That ’70s Show: Season 6
June 5, 2007
As the season begins, Eric (Grace) and Donna (Prepon) have graduated high school and are faced with the prospect of staying in Point Place or going to college in Madison. Kelso (Kutcher) flunked out of high school and plans to enroll in the police academy while Fez (Valderrama) gets used to being married to Eric’s sister, Laurie who is on their honeymoon with another man. Jackie (Kunis) has to decide who she wants as her boyfriend – Hyde (Masterson) or Kelso.
Meanwhile, Red (Smith) has been released from the hospital after suffering from a heart attack when he found out that Fez had married his daughter. He is unable to work for three months and so his wife, Kitty (Rupp) becomes the sole moneymaker in the Foreman household, which puts way too much pressure on her. This, of course, causes friction between Eric and his parents who need him to stay and help out around the house. However, Eric wants to leave and see the rest of the world… or at least Madison.
The love-hate relationship between Hyde and Jackie culminates in a funny dream sequence where the cast re-enact a musical number from Grease (1978). He feigns disinterest in Jackie who does her best to win him back but it isn’t going to be that easy and the writers milk this conflict for a few laughs. Kelso is still dumb as dirt and demonstrates this in an episode where he tries to impress the hot, local librarian (played by Shannon Elizabeth) who resists his obvious, oafish advances. It also allows Ashton Kutcher to show off his comedic talents.
Debra Jo Rupp and Kurtwood Smith have some funny scenes together as she helps him quit food and drinks that could cause another heart attack by not eating or drinking them either. They find that going cold turkey isn’t easy and the interplay between them in this particular episode is amusing. In another episode, they address having sex soon after his heart attack that also highlights the excellent chemistry between these two actors and sheds some light on the relationship of the parents which is a nice break from always focusing on the kids.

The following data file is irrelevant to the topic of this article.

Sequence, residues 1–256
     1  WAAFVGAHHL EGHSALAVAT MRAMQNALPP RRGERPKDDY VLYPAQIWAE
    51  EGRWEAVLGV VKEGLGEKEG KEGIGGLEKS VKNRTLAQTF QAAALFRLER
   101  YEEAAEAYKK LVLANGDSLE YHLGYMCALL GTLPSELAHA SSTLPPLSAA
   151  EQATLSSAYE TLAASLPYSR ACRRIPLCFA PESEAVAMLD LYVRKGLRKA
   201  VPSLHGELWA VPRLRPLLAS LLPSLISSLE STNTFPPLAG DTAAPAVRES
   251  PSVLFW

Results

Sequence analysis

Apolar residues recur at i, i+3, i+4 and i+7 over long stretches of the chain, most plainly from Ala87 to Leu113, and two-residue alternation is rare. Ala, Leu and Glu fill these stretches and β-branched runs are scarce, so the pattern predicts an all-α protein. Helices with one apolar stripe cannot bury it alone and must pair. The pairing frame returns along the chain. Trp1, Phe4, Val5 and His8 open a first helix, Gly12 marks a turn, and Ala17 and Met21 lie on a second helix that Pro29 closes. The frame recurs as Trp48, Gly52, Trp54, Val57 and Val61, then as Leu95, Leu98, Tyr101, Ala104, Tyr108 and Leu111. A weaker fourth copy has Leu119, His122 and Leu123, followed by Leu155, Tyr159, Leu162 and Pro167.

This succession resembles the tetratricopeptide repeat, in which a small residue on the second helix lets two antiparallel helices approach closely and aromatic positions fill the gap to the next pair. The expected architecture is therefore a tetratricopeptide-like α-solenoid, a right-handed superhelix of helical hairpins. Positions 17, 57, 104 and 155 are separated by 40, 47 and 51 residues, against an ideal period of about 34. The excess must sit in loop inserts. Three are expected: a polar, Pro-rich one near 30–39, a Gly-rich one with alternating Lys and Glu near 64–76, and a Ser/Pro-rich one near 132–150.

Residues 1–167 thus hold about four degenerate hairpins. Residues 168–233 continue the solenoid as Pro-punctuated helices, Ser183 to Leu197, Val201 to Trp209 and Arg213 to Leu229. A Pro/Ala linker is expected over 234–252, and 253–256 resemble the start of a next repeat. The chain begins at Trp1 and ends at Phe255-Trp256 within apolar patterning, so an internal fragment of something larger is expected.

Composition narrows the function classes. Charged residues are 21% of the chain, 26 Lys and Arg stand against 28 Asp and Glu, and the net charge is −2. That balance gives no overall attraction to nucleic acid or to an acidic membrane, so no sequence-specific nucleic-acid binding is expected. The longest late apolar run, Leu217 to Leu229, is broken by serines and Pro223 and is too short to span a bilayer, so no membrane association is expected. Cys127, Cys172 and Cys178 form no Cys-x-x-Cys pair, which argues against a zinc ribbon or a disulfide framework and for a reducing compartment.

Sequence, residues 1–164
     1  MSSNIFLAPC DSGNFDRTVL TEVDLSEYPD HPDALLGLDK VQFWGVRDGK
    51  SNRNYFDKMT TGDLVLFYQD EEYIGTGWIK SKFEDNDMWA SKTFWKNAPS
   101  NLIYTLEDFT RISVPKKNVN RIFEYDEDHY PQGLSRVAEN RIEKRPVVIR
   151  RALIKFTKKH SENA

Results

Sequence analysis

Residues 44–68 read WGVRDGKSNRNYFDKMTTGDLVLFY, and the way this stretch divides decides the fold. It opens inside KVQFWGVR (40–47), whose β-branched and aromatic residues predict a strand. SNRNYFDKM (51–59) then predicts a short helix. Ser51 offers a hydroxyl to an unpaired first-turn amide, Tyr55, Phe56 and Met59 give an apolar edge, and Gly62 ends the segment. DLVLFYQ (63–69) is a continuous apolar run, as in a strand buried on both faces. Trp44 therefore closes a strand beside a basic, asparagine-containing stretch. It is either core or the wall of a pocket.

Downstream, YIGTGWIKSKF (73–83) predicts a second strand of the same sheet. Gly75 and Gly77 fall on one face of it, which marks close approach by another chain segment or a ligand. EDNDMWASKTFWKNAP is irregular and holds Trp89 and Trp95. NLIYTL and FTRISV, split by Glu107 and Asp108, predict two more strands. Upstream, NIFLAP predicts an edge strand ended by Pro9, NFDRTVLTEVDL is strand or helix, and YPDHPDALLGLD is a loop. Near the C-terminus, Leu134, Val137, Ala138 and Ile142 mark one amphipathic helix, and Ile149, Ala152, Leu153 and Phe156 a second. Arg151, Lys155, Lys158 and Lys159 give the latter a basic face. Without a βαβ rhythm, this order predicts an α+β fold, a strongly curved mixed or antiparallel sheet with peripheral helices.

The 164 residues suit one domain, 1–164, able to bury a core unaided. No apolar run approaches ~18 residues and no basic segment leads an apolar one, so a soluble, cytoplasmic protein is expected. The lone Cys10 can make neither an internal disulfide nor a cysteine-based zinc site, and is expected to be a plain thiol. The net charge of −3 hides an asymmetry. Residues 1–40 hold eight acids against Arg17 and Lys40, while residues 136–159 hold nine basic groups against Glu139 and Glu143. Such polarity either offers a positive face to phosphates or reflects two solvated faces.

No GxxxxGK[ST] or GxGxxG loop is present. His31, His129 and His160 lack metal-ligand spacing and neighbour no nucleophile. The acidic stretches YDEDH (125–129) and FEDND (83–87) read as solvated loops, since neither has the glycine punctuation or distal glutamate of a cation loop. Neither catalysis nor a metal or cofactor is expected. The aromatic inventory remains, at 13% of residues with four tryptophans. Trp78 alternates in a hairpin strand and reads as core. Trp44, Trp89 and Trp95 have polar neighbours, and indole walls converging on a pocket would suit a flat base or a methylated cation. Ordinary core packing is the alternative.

If there is one weak spot in this season it is the whole Fez-Laurie marriage. The set-up from season five had this as a major subplot for season six but this changed when Christina Moore was replaced by Lisa Robin Kelly. She just doesn’t have the same handle on the character and the writers seemed to realize this. Her screen time was diminished greatly and instead, the focus is on Fez’s relationship with Red and his struggle to become an American citizen.
Over the course of the season, all sorts of obstacles are thrown at the characters to complicate their lives as is par for the course for a sitcom. Kelso finds out that he got the sexy librarian pregnant and Eric loses his job while trying to help support his family. This season also sees the gang growing up a little. They still hang out together and pull mindless pranks on each other but they have to face actual responsibility, like Eric having to help his parents or Kelso dealing with being a father. The writers manage to maintain a delicate balance of serious stuff with the funny stuff and this elevates the show above your standard sitcom fare.
On the third disc there is an audio commentary on “Substitute” by director David Trainer. He says that what made the show so fun was working with the cast and, for this episode in particular, working with guest star Seth Green. Trainer talks about the dichotomy of the cast in their 20s, playing characters in their teens. He also addresses Red’s racism and working with Brooke Shields.
The fourth disc starts off with “A ‘70s Flashback: Debra Jo Rupp.” The veteran actress reflects on the entire run of the show and recounts auditioning for it. She also talks about her chemistry with Kurtwood Smith.
“A ‘70s Flashback: Kurtwood Smith.” He talks about the origins of his character and how he drew upon his memories of his own father in portraying Red.
“Six Minutes of Season Six” is a montage of highlights from this season.
Also included is a commentary on “Sparks” by Trainer who points out that the core of the show is the relationship between Eric and Donna. He also addresses the artifice of the show in a particularly pretentious moment.
Finally, there is a commentary for “My Wife” by Trainer. He talks about Eric and Donna’s impending marriage and also points out the closeness of the cast – how their off-screen friendships informed the ones on-screen.